Overcoming Fear of Riding, Part II
In part I of this series, we talked about some resources and tools, building up to the actual riding experience. To review I had asked you to do some observing and journaling of your horse, or horses in general, at liberty, to study body language and herd interactions. I will refer back to this exercise in a bit. We also discussed the importance of choosing the right horse to gain confidence on and the importance of groundwork. I also shared some links to breathing exercises to help with anxiety and asked for you to practise those prior to mounting a horse in order to have easy recall to use when riding.
Overcoming Fear of Riding Part I
Ted Talk How to Use Breathing to Control your State of Mind
Now it is time to get on your horse. Here are some tips prior to mounting.
Set yourself up for small successes. Think 'short and sweet' in the beginning.
Practise good safety measures- ride in an enclosure with proper tack and a good horse. (covered in part I.)
Have someone on the ground, at the horse's head. Even if you don't need someone, it is helpful and I will refer back to this further along.
DO NOT build up the expectation that you will get on, and suddenly be anxiety free and back 100%. If you could do that, then you don't need to read this article! Allow yourself this time to do what you need, so you can put this behind you properly, and move on.
The scope of this article is not to give correct mounting/riding instructions so the assumption is you know how to do this correctly and safely.
*Mounting the horse can be a trigger point for many because accidents do happen and you, as the person mounting, are in a vulnerable position. Please, if you need to break the mounting into small steps it is even more important you have someone at the horse's head. Don't skip that step. If fully mounting is too much, break it down into small steps.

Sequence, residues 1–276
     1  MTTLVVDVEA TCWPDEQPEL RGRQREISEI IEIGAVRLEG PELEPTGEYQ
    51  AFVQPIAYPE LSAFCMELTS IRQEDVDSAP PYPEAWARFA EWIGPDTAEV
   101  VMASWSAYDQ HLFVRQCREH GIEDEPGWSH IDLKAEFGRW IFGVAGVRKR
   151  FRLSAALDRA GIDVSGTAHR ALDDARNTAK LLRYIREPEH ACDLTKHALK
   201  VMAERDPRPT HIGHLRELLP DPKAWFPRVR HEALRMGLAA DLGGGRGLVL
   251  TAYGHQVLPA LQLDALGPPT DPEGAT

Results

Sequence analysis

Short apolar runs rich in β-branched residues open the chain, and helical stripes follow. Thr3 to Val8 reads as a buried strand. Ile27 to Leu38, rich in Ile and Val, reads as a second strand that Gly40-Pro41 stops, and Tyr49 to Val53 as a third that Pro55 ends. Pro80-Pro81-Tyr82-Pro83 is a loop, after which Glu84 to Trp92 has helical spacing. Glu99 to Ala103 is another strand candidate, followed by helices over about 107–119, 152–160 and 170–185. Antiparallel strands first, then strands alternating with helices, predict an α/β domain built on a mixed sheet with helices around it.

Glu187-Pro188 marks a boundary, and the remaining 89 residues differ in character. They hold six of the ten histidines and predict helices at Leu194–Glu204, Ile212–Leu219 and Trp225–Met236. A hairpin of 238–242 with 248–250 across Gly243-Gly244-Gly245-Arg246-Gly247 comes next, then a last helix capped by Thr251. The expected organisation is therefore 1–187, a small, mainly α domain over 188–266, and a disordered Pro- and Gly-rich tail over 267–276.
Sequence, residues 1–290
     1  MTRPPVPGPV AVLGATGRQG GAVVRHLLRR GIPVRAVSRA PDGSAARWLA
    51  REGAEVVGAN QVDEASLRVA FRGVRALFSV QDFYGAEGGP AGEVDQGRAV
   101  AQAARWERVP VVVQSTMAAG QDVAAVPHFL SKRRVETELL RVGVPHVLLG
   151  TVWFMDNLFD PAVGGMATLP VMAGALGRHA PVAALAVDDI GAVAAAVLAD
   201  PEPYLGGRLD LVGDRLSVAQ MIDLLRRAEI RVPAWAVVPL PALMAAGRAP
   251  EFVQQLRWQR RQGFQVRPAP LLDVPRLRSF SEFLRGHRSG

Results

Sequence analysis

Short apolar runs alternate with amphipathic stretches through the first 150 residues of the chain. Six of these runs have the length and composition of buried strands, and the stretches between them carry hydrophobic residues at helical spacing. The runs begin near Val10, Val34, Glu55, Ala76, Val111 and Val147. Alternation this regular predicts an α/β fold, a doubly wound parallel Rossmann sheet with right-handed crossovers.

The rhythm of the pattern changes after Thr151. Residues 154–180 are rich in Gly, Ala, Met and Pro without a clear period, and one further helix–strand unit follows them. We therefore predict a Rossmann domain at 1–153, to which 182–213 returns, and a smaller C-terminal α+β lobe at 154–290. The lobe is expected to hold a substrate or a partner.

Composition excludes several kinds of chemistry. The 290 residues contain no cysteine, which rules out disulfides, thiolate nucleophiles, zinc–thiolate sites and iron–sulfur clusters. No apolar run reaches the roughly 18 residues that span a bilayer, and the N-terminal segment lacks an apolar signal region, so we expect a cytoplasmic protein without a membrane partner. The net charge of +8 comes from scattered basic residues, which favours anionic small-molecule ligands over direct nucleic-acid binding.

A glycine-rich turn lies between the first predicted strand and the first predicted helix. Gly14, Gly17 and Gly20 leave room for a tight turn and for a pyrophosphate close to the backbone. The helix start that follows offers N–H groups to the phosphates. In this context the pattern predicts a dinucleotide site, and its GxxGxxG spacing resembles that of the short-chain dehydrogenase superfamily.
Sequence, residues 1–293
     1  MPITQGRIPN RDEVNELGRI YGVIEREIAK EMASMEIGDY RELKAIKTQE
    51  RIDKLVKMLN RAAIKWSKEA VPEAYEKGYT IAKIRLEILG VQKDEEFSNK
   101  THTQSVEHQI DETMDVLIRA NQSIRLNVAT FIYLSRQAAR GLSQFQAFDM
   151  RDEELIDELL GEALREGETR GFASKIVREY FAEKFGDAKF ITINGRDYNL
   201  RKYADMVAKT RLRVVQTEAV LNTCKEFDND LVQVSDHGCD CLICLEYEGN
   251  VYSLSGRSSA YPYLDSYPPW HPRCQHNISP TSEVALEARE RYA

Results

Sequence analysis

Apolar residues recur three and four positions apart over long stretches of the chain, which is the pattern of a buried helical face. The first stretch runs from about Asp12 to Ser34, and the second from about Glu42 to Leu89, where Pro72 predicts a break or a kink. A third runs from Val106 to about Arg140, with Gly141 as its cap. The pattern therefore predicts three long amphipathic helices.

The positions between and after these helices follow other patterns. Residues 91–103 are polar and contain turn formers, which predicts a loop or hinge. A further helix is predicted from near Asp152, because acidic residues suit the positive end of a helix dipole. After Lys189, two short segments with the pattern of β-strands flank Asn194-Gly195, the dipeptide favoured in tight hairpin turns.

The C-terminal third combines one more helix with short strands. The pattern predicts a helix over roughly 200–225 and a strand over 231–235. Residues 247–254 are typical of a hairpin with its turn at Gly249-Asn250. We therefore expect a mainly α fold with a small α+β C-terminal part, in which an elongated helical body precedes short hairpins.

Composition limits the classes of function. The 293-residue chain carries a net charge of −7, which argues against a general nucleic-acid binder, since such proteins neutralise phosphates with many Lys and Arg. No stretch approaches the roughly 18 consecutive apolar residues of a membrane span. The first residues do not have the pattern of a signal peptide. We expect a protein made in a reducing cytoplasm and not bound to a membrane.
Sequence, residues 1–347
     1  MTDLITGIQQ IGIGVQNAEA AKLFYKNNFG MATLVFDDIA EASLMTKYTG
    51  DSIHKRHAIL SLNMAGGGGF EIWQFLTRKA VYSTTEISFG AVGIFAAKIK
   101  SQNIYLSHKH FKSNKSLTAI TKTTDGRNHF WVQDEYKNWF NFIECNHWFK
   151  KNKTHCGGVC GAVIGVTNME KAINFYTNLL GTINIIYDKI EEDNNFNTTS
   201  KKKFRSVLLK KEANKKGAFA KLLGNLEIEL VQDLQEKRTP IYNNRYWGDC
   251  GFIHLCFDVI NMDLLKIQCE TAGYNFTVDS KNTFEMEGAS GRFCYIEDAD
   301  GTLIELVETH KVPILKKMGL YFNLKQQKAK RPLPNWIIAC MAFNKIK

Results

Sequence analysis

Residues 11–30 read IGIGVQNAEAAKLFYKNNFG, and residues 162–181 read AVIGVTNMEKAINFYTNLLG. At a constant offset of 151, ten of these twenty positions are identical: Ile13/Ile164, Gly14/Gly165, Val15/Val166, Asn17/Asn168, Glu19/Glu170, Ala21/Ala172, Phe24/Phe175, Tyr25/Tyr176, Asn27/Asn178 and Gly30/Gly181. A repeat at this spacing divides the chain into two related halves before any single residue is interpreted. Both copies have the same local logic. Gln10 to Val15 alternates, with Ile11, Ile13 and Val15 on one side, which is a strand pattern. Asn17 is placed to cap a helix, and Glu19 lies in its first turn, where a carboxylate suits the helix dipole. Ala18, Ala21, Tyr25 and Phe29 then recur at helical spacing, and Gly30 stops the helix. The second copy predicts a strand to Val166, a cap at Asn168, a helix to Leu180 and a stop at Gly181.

If mounting is not where you feel anxiety, you can move on to the phase in which anxiety is a problem. The advice can be used regardless if you are fully mounted or not. Obviously, if you are in a full gallop, in an open field, you don't have much time to practise much of anything so adapt this to suit your situation but do it in a way that allows you a chance to work thru the following steps.
Now you are at the first step and likely anxiety is building. That's okay and gives you a chance to use this method and become familiar with it. In part I we talked about Body Scans which are a way to systematically 'scan' or review your body from toe to head and feel for the tension in your body. You were asked to try this out beforehand off the horse so now it should be relatively easy for you to find your tension spots and breath relaxation into them. Consciously relax your muscles. You want enough muscular tension so you don't sit like a sack of potatoes on your horse, but your muscles are not gripping or hard. Soft, flexible muscles are the aim. Now add to that the breathing exercises you practised. We talked a bit in Part I how regulating your breathing will help regulate and calm your mind. Plus, we've all heard from our riding instructors how horses feel our breath when ridden and can feel when we HOLD our breath. This can signal a sensitive horse to fear. Use your breath to calm you and your horse.
Another resource I had mentioned was Sally Swift's book, Centered Riding. In one of the chapters, Sally describes imagining feeling of a helium balloon in your abdomen. Her recommendation was to rise the helium balloon when asking your horse to walk or pick up its pace and lowering the helium balloon when asking your horse to stop of slow down. This helium balloon visual and body memory has been invaluable for me. I have practised this and have used it often to help a hot, green or nervous to be calmer. The other imagery used in Sally's book is that of a tree with your upper body tall and your legs long and deep in the stirrups, imagining roots growing from your legs into the ground. This I believe also calms you and your horse. It is imagery that helps facilitate the feelings of being grounded and center.... calm, alert, relaxed but adaptable.